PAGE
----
So how do we care for our kidneys?  The prescription for healthy kidneys is to maintain a healthy lifestyle and, if you have been neglectful in this department, to do a lifestyle remake through the following: good eating habits; maintaining a healthy weight; engaging in exercise; obtaining adequate sleep; consuming alcohol in moderation; avoiding tobacco; and stress reduction.  Additionally, being proactive by seeing a physician on a regular basis for “scheduled maintenance” is of paramount importance in order to detect kidney disease—or any other malady—as early as possible, no matter what the ivory tower pundits say about the ineffectiveness of annual physicals.

Bottom Line: Kidney disease is a debilitating—oftentimes deadly—condition, the risk for which can be greatly reduced by adopting a healthy lifestyle. Never neglect your health, for it is your greatest wealth. 

Andrew Siegel, M.D.

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Author of Promiscuous Eating: Understanding and Ending Our Self-Destructive Relationship with Food:

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Organ Donation: America Can Do Better

November 30, 2012

Andrew Siegel, MD    Blog #84

photo (3) copy 2

This past Monday marked the death of Dr. Joseph E Murray at the age 93, the surgeon who performed the first successful human organ transplant.  In 1954, he removed a healthy kidney from a 23-year-old man and implanted it into the man’s identical twin.  This heralded the beginning of the transplant era that has saved the lives of thousands of patients who have received new kidneys, heart, lungs, livers and other organs after their own had failed.  In 1990, Dr. Murray was awarded the Nobel Prize in medicine.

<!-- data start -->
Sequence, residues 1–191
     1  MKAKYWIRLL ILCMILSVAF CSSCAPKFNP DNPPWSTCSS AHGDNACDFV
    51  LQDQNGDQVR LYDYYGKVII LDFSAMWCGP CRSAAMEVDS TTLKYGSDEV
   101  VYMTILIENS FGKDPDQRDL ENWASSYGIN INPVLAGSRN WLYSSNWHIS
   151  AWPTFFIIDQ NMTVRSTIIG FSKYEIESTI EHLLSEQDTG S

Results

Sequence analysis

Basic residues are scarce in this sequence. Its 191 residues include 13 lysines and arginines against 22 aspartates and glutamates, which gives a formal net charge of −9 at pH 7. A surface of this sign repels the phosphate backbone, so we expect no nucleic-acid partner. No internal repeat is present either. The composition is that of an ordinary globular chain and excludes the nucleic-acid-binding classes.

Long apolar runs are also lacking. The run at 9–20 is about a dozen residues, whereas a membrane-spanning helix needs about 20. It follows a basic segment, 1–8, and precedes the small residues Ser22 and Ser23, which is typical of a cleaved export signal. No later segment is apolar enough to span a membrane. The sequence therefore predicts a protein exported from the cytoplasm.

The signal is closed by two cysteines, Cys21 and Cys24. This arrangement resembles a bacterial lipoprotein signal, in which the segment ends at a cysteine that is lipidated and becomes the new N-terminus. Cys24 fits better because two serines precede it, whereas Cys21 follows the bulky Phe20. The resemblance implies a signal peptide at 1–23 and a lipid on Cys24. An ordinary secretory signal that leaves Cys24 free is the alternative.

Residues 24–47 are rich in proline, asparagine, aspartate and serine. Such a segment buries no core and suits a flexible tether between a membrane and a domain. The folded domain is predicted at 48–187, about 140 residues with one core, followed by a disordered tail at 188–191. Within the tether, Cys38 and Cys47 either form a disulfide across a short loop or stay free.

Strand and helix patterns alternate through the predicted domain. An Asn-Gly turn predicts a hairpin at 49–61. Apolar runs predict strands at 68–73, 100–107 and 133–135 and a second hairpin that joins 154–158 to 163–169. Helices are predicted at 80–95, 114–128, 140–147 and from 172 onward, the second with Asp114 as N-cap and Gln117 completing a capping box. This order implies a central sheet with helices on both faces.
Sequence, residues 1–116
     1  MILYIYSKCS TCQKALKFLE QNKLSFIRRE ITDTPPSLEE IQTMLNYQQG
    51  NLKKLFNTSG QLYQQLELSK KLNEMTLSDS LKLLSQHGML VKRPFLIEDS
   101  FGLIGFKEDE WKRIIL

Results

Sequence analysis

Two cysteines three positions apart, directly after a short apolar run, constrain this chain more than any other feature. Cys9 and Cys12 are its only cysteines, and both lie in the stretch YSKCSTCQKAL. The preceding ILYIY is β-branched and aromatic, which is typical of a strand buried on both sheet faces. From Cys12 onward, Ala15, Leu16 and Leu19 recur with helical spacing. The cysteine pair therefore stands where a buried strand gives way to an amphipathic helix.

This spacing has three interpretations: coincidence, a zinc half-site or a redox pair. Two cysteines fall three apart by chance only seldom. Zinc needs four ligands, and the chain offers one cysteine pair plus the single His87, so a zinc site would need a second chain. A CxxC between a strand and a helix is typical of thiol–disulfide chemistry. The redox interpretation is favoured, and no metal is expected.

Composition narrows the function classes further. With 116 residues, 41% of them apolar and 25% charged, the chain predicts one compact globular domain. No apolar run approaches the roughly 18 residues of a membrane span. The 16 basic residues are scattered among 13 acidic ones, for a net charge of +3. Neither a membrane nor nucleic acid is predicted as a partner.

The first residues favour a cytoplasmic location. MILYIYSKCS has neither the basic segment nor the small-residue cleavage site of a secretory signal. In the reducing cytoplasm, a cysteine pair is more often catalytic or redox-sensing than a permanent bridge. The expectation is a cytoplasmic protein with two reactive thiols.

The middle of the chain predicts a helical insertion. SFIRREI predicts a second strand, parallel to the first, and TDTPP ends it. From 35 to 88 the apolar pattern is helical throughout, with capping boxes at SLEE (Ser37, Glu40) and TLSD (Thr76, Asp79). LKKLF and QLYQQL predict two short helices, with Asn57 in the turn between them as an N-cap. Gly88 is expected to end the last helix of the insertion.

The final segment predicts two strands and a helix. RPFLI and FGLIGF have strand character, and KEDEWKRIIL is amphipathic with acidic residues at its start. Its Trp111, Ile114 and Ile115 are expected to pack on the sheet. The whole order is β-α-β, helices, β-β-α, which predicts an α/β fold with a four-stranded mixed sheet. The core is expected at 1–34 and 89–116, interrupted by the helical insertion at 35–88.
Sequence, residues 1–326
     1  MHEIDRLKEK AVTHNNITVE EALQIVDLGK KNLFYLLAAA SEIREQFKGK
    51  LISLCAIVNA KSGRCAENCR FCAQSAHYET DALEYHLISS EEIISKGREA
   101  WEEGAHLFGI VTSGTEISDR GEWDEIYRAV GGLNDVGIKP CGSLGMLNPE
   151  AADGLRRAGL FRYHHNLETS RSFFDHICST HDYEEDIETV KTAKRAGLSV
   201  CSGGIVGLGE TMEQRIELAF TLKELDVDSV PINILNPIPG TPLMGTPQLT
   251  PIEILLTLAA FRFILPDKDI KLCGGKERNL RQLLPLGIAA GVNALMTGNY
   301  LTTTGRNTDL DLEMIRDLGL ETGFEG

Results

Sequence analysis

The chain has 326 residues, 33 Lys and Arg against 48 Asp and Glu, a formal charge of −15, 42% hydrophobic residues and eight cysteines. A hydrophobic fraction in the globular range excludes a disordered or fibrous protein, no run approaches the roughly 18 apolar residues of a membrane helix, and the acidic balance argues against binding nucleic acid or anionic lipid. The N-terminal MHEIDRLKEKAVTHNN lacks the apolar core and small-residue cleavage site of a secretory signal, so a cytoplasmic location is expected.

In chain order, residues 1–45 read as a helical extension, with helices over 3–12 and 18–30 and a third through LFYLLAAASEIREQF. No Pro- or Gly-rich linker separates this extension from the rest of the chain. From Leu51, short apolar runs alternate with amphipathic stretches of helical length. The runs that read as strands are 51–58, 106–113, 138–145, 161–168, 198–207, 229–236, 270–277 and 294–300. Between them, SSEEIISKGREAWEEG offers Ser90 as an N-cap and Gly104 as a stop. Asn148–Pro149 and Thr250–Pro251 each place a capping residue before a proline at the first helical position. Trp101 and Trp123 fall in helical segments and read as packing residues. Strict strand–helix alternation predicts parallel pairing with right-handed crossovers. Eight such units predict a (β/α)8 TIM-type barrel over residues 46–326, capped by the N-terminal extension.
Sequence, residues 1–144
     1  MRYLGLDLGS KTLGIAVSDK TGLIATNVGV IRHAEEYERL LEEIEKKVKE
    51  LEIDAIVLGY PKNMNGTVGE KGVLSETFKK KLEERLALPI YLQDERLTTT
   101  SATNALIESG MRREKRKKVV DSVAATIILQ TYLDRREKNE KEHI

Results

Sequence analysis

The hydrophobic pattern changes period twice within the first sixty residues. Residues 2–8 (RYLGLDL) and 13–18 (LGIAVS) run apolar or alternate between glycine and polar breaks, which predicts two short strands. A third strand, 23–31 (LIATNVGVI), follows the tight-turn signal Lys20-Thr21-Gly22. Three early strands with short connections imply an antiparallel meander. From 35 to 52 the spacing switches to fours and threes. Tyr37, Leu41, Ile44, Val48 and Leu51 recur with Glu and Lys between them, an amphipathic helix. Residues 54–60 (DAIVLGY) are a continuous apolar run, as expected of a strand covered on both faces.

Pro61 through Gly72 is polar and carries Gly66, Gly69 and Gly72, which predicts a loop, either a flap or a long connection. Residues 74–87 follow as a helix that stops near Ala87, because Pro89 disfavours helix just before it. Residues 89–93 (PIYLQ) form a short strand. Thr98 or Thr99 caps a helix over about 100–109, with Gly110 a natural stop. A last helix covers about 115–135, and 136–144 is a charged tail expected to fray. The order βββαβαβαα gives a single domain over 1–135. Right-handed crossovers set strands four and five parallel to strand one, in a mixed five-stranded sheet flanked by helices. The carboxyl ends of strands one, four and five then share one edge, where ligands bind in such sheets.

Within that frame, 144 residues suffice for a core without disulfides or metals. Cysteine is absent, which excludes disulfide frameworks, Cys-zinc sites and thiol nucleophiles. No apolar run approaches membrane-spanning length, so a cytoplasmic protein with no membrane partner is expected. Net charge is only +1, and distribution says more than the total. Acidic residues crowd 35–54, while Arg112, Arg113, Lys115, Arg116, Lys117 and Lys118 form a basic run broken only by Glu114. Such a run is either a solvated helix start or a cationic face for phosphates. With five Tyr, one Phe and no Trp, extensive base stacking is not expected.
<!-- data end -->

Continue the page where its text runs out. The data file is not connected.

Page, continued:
Currently, there are over 100,000 Americans on the waiting list for organ transplantation, 75% of whom are awaiting a kidney.  The situation is literally at a crisis level insofar as there are only about 30,000 transplants performed annually. Twenty or so Americans die EVERY day for want of an organ donor. The bottom line is that people are literally dying while on the wait list for organs; this is a huge public health issue that becomes a very private one if it becomes you, a family member or friend who is the one in need of that organ. What makes this particularly tragic is that this is a readily remediable problem!

I am signed up to be an organ donor.  This was a decision that I opted in for when I received my New Jersey driver’s license.  I figured that this is the least I can do for my fellow man.  If I get hit by a bus or suffer an injury that renders me in a permanent vegetative state, why not recycle my organs for the benefit of the living? I will happily donate my corneas, kidneys, heart, liver, lungs, pancreas or any other organ that will help improve the quality and quantity of the life of my fellow man or woman, particularly as these organs will do me no good at all where I am going.
Charitable acts that are of benefit to another living human being are essential, particularly insofar as in the USA we have a tremendous shortage of available organs, as demand far exceeds supply. With advances in dialysis, patients with kidney disease are surviving longer than ever. This, coupled with the rise in prevalence of kidney failure due to greater longevity, as well as an increase in the prevalence of hypertension and diabetes related primarily to the growing obesity epidemic, has resulted in a major demand for kidneys.